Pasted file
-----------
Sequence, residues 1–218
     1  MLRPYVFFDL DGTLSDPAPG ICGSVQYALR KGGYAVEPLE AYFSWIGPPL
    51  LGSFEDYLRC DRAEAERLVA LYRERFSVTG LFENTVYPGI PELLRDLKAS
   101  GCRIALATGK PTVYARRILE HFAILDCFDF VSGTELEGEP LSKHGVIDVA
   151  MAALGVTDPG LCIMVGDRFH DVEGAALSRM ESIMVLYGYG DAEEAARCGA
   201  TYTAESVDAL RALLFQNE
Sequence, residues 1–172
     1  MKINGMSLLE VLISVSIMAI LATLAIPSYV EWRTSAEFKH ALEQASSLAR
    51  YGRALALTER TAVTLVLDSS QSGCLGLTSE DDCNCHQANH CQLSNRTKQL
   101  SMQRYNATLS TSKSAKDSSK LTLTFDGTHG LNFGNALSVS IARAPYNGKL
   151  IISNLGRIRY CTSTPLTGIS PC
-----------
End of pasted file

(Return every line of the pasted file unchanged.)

Sequence, residues 1–218
     1  MLRPYVFFDL DGTLSDPAPG ICGSVQYALR KGGYAVEPLE AYFSWIGPPL
    51  LGSFEDYLRC DRAEAERLVA LYRERFSVTG LFENTVYPGI PELLRDLKAS
   101  GCRIALATGK PTVYARRILE HFAILDCFDF VSGTELEGEP LSKHGVIDVA
   151  MAALGVTDPG LCIMVGDRFH DVEGAALSRM ESIMVLYGYG DAEEAARCGA
   201  TYTAESVDAL RALLFQNE
Sequence, residues 1–172
     1  MKINGMSLLE VLISVSIMAI LATLAIPSYV EWRTSAEFKH ALEQASSLAR
    51  YGRALALTER TAVTLVLDSS QSGCLGLTSE DDCNCHQANH CQLSNRTKQL
   101  SMQRYNATLS TSKSAKDSSK LTLTFDGTHG LNFGNALSVS IARAPYNGKL
   151  IISNLGRIRY CTSTPLTGIS PC